Primal screens

The resurgence of popularity that cinema is enjoying has prompted a number of exciting new projects. Yolanda Zappaterra looks at what contributes to flicks appeal

No trip to Paris is complete without a visit to one of the vast array of cinemas in the capital. From the swanky Champs-Elysées sites bearing those two precious words version originale (for those of us fluent in Franglais rather than French) through to the wealth of independents showing gems like Kubrick’s A Clockwork Orange (not seen in Britain since 1991, when London’s Scala Cinema showed it billed as a “mechanical fruit surprise” for fear of prosecution), Paris not only offers movies months before they open here, it offers them in spaces where seats mechanically lower with a satisfying whoosh as you nestle into them. State-of-the-art stuff that, until recently, was pretty difficult to find here in the UK. A late-Seventies/early-Eighties rush to create more screens saw chains convert spacious cinemas boasting hundreds of seats and huge screens into five or six auditoriums with 50 cramped seats and screens slightly larger than a large TV. Rack ’em, pack ’em and stack ’em was the policy, and most city centre sites are still stuck with it.

But big changes are afoot. Cinema chains such as UCI, Virgin and Odeon are undertaking major expansion and refurbishment of both city centre and out-of-town multiplex sites, investing heavily in state-of-the-art equipment, big screens, digital sound and surround sound, comfortable seats and so on, while Lottery funds last year helped two new independent cinemas emerge in the capital. What’s behind the sudden interest? It’s partly that cinema-going audiences have been steadily increasing over the last decade, with 120 million visits recorded in 1996 and predictions that this figure will reach close to 200 million by the year 2000. But it’s also the realisation that cinema is winning back older customers to bolster the key 16-24 age group. In fact, recent reports indicate that the audience for cinema crosses all socio-demographic and age groups. It would seem the chains have hit on a formula which appeals to everyone, and they’re obviously keen to keep those customers coming back for more and give them even greater choice.

Ross James, marketing director of the Odeon chain, pinpoints another reason for the cinema resurgence: “There’s considerable investment in the films themselves, and there are more films on offer which is giving the consumer more choice, and more screens are needed.” The Odeon chain last summer appointed Wolff Olins to “work on a new identity both in terms of the brand itself, but also the way the cinemas look”, says James. “What we were looking for was two-fold and quite a challenging task. We wanted someone who could take a brand like Odeon, which is steeped in heritage and tradition, and give it a modernity that we felt we needed to launch the brand to the next stage as far as cinema audiences are concerned. So they had to be sympathetic to what the brand stands for while able to move it on. But clearly they also had to have a strong and proven retail experience, as we didn’t want a consultancy who would just do surface dressing, but would be able to see it right through from the seats and carpets to the construct of the building,” he explains of the appointment.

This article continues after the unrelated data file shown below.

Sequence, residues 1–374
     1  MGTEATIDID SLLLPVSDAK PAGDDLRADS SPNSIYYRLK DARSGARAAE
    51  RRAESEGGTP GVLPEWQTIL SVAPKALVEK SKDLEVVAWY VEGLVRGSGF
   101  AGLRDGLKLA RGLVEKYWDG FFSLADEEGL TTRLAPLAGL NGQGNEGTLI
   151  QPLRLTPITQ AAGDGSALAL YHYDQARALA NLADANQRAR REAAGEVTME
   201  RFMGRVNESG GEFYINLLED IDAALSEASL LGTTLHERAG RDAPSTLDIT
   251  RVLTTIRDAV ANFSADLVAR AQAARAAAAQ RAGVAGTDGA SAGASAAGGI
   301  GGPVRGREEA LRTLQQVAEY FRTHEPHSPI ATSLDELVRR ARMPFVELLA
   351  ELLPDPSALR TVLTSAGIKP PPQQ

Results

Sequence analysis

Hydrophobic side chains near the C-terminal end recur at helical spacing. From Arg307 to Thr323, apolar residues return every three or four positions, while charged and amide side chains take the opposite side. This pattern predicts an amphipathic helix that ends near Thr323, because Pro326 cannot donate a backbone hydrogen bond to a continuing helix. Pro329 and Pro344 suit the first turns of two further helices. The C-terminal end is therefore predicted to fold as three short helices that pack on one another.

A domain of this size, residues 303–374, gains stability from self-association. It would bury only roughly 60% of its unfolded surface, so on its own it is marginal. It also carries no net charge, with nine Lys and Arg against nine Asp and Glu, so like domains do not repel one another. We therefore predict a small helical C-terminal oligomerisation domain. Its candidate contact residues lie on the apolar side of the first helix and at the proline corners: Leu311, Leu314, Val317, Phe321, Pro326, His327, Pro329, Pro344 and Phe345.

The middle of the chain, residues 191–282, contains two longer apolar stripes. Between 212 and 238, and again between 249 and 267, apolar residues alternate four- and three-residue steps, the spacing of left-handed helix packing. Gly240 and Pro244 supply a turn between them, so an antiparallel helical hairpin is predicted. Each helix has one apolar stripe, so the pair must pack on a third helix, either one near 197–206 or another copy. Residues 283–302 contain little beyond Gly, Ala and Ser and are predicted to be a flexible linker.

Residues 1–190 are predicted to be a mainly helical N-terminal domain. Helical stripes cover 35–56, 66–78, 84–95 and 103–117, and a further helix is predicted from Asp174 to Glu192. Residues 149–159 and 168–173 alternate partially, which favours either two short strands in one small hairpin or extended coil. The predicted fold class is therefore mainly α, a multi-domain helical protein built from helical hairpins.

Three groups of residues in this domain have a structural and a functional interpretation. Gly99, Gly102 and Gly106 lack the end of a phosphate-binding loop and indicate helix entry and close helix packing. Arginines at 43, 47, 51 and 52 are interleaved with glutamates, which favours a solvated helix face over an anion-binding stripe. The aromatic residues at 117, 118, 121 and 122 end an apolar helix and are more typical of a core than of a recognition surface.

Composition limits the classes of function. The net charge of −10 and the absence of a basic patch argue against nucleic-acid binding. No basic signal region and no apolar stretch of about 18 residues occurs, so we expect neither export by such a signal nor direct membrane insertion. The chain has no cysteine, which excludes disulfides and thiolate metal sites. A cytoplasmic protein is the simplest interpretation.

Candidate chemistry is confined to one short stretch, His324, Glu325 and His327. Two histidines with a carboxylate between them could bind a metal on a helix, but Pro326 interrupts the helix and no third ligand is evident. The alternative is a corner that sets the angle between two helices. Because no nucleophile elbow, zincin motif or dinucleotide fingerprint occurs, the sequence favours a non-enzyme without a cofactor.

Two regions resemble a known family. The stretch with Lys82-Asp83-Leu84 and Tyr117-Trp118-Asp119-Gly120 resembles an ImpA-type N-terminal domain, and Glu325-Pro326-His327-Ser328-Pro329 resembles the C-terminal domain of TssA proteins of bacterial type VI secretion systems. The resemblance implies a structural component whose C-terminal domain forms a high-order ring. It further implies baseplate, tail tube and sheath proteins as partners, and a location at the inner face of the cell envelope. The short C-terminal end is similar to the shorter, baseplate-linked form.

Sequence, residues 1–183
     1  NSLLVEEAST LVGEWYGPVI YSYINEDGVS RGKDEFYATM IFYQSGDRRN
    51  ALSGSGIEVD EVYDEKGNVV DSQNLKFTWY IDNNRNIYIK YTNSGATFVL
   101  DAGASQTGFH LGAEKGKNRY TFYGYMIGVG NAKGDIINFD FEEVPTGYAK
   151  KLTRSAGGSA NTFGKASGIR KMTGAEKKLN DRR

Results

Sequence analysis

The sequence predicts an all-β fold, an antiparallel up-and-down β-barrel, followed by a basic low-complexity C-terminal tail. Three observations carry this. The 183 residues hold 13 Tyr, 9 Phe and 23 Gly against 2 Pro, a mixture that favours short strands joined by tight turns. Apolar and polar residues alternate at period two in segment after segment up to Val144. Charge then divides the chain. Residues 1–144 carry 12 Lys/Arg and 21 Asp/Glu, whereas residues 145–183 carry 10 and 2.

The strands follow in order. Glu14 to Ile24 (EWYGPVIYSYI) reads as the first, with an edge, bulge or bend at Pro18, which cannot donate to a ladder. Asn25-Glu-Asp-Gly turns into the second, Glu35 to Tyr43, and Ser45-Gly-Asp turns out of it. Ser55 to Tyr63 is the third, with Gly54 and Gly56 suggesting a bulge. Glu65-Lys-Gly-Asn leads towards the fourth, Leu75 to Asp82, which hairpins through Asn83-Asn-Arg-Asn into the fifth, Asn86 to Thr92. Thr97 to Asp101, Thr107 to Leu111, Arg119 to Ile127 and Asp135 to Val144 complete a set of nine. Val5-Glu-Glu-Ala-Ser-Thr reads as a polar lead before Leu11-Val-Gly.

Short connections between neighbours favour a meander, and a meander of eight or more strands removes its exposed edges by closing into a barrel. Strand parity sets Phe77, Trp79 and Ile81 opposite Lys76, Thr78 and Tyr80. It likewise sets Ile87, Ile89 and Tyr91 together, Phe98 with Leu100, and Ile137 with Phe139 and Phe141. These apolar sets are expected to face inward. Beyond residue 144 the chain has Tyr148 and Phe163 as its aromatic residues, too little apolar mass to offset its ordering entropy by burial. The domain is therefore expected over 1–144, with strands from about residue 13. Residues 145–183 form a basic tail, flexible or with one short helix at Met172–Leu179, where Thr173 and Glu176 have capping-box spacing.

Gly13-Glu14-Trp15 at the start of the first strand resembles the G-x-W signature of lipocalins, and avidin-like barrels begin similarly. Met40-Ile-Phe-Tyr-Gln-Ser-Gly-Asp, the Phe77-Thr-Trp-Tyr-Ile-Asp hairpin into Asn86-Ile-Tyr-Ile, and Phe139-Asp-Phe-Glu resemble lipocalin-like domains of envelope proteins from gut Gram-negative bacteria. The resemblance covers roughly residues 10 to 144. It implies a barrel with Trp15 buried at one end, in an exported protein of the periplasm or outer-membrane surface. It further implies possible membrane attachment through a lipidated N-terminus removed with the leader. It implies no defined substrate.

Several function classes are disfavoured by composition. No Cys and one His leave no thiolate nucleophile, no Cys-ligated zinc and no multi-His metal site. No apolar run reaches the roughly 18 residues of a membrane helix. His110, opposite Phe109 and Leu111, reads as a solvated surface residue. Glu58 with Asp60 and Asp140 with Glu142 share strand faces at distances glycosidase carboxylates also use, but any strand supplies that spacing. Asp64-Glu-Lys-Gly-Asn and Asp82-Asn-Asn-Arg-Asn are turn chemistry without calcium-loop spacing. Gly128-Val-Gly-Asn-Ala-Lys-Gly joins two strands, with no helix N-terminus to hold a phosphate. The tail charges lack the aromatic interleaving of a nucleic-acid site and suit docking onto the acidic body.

Last year the Odeon Group opened five new multiplexes, and plans to open the same number this year. These range from city centre sites such as London’s Camden Odeon, the much loved Art Deco cinema which the chain has refurbished as a five-screen site, to the 13-screen Southampton “multi-leisure site” which houses sub-brands such as a Grosvenor Casino, Rank drinks brand concession Jumpin Jacks and the family-oriented Rank pub Tom Cobleigh.

This new type of multiplex is attractive both to exhibitor, which reaps huge financial rewards, and cinema-goer, who gets a ready-made night out. “When you’ve got a leisure site in its own right, with bars, restaurants, maybe a bowling alley, it means you’re offering a wide range of entertainment during the course of an evening. Here the cinema apes the department store in a retail park, which acts as a draw to a number of other stores. You’re going to see the movie, but then you have the benefit of a range of other things to do, not least having a drink and getting a meal at the same time,” says James.